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The International Year of the Reef (IYOR) 2008 is a yearlong celebration intended to increase global awareness of coral reefs and associated ecosystems, and to persuade people worldwide to take simple actions that benefit coral reefs. During IYOR 2008, government agencies, environmental groups, universities, and businesses are requested to come together to host and support activities that promote coral reef conservation.      


Coral reefs and their associated seagrass beds and mangrove habitats support the highest marine biodiversity in the world. More than 500 million people worldwide depend on them for food, storm protection, jobs, and recreation. Their resources and services are worth an estimated 375 billion dollars each year, yet they cover less than 1% of the Earth’s surface.

Unfortunately, many of the world’s coral reefs have been degraded, mainly due to human activities. According to the Status of Coral Reefs of the World: 2004, 20% of the world’s coral reefs are destroyed beyond repair. The threats may continue to build up as global temperature rises. The Status of the Caribbean Coral Reefs After Bleaching and Hurricanes in 2005 reports that the hottest year in the Northern Hemisphere from records since 1880 was 2005. Coincidentally, the most severe coral bleaching and mortality event in the Caribbean was that same year.

THE FIRST IYOR in 1997 was organized by the International Coral Reef Initiative, a partnership among governments and non-government organizations, with the purpose of raising awareness of the state of coral reefs worldwide, and to encourage their conservation. IYOR 1997 stimulated national and international actions that helped lead to establishment of the U.S. Coral Reef Task Force in 1998, and the passage of the Coral Reef Conservation Act in 2000. Successes included creating stronger links between researchers and conservation groups, reef clean-ups, creation of coral reef guides, educational videos, teacher workshops, and photo competitions. Reef Check carried out the first global coral reef survey and held a news conference to announce the discovery of the global coral reef crisis.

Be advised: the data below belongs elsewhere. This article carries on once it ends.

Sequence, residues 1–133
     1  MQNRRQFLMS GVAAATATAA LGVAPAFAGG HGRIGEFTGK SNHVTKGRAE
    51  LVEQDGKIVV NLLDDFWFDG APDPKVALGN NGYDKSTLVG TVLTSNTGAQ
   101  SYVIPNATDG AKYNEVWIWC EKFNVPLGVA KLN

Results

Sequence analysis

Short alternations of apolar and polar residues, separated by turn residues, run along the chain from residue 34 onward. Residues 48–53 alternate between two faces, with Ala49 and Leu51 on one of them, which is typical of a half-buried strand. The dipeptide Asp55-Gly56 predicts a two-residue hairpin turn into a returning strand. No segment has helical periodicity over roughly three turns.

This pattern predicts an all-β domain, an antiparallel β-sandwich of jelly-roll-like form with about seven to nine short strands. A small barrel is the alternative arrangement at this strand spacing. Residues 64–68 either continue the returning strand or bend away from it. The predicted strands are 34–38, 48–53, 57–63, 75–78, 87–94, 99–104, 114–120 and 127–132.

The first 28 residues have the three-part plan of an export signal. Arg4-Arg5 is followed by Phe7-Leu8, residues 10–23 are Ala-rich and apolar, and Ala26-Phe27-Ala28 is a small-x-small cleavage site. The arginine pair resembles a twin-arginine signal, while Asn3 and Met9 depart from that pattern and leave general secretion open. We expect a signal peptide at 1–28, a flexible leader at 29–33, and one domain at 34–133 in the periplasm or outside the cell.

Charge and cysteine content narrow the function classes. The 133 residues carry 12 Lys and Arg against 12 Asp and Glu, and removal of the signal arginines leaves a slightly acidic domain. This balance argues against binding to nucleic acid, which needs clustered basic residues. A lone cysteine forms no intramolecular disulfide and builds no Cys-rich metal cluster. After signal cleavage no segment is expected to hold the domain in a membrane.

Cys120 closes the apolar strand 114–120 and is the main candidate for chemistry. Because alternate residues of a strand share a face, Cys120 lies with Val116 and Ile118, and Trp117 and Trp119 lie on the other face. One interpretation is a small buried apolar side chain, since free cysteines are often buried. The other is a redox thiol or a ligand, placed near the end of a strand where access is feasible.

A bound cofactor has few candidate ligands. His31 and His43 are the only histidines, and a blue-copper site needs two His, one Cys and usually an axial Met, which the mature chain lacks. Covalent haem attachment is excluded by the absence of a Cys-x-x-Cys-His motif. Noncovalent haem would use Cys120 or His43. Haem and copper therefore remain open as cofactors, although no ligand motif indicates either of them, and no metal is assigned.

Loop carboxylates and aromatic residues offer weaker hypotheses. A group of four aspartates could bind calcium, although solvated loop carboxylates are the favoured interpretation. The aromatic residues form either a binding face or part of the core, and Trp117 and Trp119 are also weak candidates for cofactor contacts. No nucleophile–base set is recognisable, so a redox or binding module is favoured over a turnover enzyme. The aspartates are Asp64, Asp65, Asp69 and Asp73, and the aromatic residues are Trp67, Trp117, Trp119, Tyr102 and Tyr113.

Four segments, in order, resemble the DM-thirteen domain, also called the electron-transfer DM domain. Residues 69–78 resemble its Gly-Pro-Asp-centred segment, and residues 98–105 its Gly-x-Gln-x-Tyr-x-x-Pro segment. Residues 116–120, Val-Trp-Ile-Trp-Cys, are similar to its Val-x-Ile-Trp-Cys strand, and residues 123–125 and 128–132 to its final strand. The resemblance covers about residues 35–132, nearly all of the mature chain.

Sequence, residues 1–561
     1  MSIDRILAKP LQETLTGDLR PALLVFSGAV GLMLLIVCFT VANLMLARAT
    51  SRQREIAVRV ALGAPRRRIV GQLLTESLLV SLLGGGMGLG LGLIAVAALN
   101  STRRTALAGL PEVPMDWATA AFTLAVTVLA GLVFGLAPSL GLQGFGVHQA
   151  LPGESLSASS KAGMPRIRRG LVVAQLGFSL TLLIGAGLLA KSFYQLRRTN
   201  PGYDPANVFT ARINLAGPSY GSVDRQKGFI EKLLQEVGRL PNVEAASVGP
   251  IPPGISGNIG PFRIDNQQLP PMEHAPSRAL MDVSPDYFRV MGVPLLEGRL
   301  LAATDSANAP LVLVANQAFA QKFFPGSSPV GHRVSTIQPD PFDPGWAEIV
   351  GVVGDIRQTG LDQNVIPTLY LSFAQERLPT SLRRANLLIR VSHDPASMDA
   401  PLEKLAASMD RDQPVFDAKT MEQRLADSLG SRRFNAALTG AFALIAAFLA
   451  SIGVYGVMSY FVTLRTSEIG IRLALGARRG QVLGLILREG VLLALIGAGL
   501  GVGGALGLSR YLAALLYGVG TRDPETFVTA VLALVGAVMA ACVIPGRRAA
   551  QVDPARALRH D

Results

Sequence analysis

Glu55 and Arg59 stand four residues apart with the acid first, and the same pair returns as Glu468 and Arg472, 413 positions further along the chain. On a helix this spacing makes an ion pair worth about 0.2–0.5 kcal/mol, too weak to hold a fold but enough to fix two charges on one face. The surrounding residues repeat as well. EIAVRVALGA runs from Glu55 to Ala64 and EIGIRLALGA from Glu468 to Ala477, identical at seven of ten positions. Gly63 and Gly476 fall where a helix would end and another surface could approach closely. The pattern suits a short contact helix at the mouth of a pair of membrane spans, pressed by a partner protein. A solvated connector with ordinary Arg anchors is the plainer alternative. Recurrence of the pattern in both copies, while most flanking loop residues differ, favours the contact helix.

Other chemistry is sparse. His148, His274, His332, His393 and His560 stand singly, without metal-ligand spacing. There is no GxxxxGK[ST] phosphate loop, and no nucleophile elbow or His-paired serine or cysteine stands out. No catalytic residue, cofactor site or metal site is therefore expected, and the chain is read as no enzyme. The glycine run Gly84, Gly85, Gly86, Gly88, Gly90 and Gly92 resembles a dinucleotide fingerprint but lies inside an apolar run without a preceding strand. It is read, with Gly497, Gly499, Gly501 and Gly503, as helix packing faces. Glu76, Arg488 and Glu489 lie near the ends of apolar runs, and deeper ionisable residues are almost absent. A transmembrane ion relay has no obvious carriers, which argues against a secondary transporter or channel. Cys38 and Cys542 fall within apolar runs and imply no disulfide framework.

THE SECOND IYOR IN 2008 is intended to go beyond simply increasing public awareness into stimulating action to protect coral reefs. IYOR 2008 is an opportunity for anyone interested to join in this effort, even those people who live far from coral reefs. Some examples on how to reach the public are museum exhibits, magazine articles, television documentaries, aquarium and zoo activities, film festivals, teacher workshops, school activities, and contests (writing, photography, art, etc.). Any effort, from the small classroom talk about coral reefs to the symposium can make a difference.


Reef Check’s founder and Executive Director, Dr. Gregor Hodgson, participated in the organizing committee for IYOR 1997. Reef Check is a member of the International Coral Reef Initiative (ICRI) and in November 2005 at the ICRI meeting in Palau, Dr. Hodgson proposed that ICRI host another IYOR. ICRI approved this plan for 2008, and the U.S. Coral Reef Task Force endorsed the plan.

We would like to invite everyone to participate in International Year of the Reef. If you would like to know more or to post your events/news on our calendar please contact Mary Luna or at +1-310-230-2371.

The International Declaration of Reef Rights

A major Reef Check activity for IYOR 2008 is the International Declaration of Reef Rights. Four Presidents of coral reef countries have signed and pledged to carry out nine actions to help reefs. Please sign the Declaration and tell others, so at the end of 2008 we can present it to the United Nations and all governments to show the worldwide support for reefs. You can review the petition in fourteen languages and add your comments at:

BRINGING THE LIGHT - TROY HOTARD2008 - 38" x 28" - Oil on canvas
Donated to the Reef Check Foundation by gifted artist TROY HOTARD to be used in our 2008 International Year of the Reef campaign.

The image was designed with symbolism and meaning. The large spherical appearance of the coral reef represents the global aspect of the reef issues. The divers are depicted swimming counter-clockwise to represent the idea that we are trying to “turn back the hands of time” for the reefs; trying to preserve the reefs that we have left and improve the condition of reefs everywhere. The fish swim in the other direction representing the idea that the sea creatures cannot make choices.  They must go with the flow of time and survive with whatever the future brings.

The lights carried by the divers represent the attempt to bring awareness and education (light) to the issues facing today’s reefs. Finally, the warm sunlight filtering through the water from above represents our ultimate hopes, reef conservation and preservation for future generations.


As Reef Check’s first activity leading up to IYOR, we present “The Year of the Reef” song. Please feel free to download this song and use it to help educate and inspire people everywhere about the value of coral reefs and the need to work together to save them. The song has been donated to Reef Check by our Board Member, Russ Lesser and his band Thin Ice.

Download the Song

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